http://swrc.ontoware.org/ontology#Thesis
STOCHASTIC MODELS IN POPULATION GENETICS
en
間野 修平
マノ シュウヘイ
MANO Shuhei
総研大乙第189号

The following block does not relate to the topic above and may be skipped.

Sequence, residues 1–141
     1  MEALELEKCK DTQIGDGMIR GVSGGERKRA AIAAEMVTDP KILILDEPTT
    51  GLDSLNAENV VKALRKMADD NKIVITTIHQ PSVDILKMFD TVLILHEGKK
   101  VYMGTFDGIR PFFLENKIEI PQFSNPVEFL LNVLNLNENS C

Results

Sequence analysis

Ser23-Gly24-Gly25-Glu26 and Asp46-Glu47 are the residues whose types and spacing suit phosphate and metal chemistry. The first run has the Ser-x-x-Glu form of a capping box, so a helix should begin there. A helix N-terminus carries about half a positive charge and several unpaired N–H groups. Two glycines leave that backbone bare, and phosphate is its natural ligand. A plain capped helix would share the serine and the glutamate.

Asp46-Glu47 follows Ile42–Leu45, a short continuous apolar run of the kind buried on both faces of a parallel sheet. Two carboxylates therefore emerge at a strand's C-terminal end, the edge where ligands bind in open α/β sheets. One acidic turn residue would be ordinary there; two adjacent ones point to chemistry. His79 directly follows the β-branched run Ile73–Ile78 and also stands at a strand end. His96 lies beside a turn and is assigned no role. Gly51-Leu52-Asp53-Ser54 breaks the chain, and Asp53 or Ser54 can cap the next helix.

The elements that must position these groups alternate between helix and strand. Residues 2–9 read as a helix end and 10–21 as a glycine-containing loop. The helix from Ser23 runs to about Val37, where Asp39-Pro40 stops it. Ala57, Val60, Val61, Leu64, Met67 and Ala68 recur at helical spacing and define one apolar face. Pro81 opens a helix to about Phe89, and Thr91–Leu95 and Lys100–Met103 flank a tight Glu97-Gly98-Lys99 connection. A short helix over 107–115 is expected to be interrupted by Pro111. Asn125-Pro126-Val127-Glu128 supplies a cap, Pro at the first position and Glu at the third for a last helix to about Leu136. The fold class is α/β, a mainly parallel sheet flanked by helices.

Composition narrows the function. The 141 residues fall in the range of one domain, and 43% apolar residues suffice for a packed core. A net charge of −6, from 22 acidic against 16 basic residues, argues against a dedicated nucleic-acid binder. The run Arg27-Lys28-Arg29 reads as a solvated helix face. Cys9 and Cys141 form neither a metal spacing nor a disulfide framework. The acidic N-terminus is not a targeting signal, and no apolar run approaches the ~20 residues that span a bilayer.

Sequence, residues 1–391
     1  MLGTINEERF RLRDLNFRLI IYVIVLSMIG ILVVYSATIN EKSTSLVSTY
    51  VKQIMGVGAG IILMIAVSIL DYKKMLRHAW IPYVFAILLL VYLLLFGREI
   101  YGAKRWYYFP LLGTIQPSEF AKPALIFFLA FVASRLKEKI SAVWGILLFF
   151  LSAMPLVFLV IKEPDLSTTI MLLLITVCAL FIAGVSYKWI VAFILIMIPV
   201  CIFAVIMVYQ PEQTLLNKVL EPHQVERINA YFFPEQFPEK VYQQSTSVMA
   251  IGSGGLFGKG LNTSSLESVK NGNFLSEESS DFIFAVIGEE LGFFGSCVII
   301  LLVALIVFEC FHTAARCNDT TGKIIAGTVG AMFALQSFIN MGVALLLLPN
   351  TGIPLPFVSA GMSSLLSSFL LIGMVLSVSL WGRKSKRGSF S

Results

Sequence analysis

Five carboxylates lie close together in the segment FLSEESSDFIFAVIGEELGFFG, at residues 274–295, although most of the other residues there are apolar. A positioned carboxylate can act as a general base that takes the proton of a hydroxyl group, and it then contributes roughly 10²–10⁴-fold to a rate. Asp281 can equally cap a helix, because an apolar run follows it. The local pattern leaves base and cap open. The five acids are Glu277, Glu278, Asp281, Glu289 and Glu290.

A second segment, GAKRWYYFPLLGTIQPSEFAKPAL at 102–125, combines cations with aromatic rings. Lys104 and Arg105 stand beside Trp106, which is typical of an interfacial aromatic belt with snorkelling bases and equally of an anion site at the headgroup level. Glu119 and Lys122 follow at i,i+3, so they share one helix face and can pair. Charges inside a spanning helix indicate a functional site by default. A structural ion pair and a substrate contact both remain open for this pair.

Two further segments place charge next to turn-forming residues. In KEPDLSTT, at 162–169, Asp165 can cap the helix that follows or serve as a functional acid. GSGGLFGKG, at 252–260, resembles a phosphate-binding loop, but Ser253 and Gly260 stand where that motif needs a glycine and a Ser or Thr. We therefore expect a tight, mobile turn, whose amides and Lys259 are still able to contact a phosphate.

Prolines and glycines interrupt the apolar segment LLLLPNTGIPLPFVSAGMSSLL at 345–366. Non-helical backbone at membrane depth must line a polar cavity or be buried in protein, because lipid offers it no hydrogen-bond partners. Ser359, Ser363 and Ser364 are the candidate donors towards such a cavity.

Stochastic models have played important roles in population genetics. They have given theoretical understanding on evolutionary mechanism of maintaining genetic diversity within and between species. Following in a line of Fisher (1930) and Wright (1945), in 1945-1980's Kimua and his coworkers had given foundations of<br >evolutionary theories by developing stochastic models based on the diffusion process. By applying their theoretical predictions to emerging molecular data at that tine, many important aspects of molecular evolution have been revealed so far. The most significant prediction is probably the neutral hypothesis of molecular evolution, which was advocated by Kimura (1968). In early 1980's, a stochastic model, which is now called the called the coalescent model, is introduced (Kingman, 1982; Tajima, 1983; Hudson, 1983). The coalescent process is a stochastic process of ancestors of a sample, which are taken from a population evolving under the diffusion model. The coalescent model has given a useful framework of statistical analysis of a sample taken from a population; tests based on the model and efficient simulation schemes to generate samples evolving under arbitrary hypothesis have been developed so far. In this dissertation, the author will present several analytical results on stochastic models in population genetics obtained by the author and coworkers. These models cover various aspects, but with special reference to multi-locus diffusion models (Chapter 2, 3) and the relationship of the diffusion model and the coalescent model under selection (Chapter 4, 5). They are central issues under development in the current population genetics theory.<br /> In chapter 2, effects of random genetic drift upon linkage disequilibrium are investigated in terms of a two-locus diffusion models. An analytic expression conditional, expectation of transient gamete frequency, given that one of the two loci remains polymorphic, is obtained by calculating the moments of the distribution.<br />Using this expression, a model where linkage disequilibrium is introduced by a single mutant is investigated.<br />The random genetic drift should have large important on the model, since the mutant is prone to disappear from a population. The conditional expectation of the gamete frequency given that the locus with the mutant allele remains polymorphic is presented. The behavior is significantly different from the monotonic decrease observed in the deterministic model without random genetic drift. Then, evolution of linkage disequilibrium of the founders in exponentially growing populations is investigated in terms of a time-inhomogeneous stochastic model, which is an extension of the diffusion approximation of the Wright-Fisher model. As a measure of linkage disequilibrium, the squared standard linkage deviation, which is defined by a ratio of the moments, is investigated. A system of ordinary differential equations that these moments obey is provided, In addition, by a perturbative series expansion in a growth parameter, an asymptotic formula for the squared standard linkage deviation after a large number of generations is obtained. According to the formula, the squared standard linkage deviation tends to be 1/(4<i>Nc</i>), where <i>N</i> is the current size of the population and <i>c</i> is the recombination rate between two loci. It depends on neither of the initial effective size of the population, the growth rate, nor the mutation rate. In exponentially growing populations, linkage disequilibrium will be asymptotically the same as that in a constant size population, the effective size of which is the current size.<br /> In Chapter 3, evolutionary rates of duplicated genes under concerted evolution by gene conversion are investigated. Effects of directional natural selection and bias in conversion rate on fixation of a single mutant in a locus, where the mutant spreads in a multigene family by gene conversion, are investigated. For the directional selection, a model in which selection operates on the number of the mutant in a diploid is assumed. Because of gene conversion between loci, either the mutant or wildtype allele will eventually fix in all the loci. An analytic expression of the fixation probability is obtained in terms of a two-locus diffusion model. For thg genic selection, the formula is given by the well known for the single-locus problem, replacing the effective population size by the twice and the initial allele frequency by arithmetic mean of the initial frequencies in the two loci. The expression depends on neither of the initial linkage disequilibrium, the recombination rata, nor the conversion rate. According to simulations, the simple correspondence between the formula for a single locus<br />and for two loci holds when number of the locus is larger than two. For the biased gene conversion, an analytic expression of the fixation probability is obtained in terms of a n-locus diffusion model. With these formula of the fixation probabilities, effects of gene conversion on the rate of molecular evolution in a multigene family under concerted evolution are discussed. It is shown that selection and bias in conversion rate operate more efficiently in a large multigene family.<br /> In Chapter 4, the ancestral selection graph, which is an analogue to the coalescent genealogy, is investigated.<br />The number of ancestral particles, backward in time, of a sample of genes is an ancestral process, which is a birth and death process with quadratic death and linear birth rate. An explicit form of the number of ancestral particle is obtained, by using the density of the allele frequency in a diffusion model obtained by Kimura (1955).<br />It is shown that fixation is convergence of the ancestral process to the stationary measure. The time to fixation of an allele is studied in terms of the ancestral process.<br /> In Chapter 5, an approximate sampling formula for the infinite allele model at the end of a selective sweep is obtained, in terms of a weighted binomial-mixture of the Ewens sampling formula. The approximate sampling formula is based on the hitchhiking model proposed by Maynard Smith and Haigh (1974). The formula will give a simple and useful framework for theoretical understanding of allele frequency distribution at the end of a sweep. By using the approximate sampling formula for the infinite allele model at the end of a sweep, a new likelihood based test to detect recent selective sweep is presented. Although the test seems slightly less powerful than the test based on the frequency of the most common allele when the mutation rate (size of the neutral region) is low, however, the test gives estimates of the selection coefficient and the position of the target of the selection.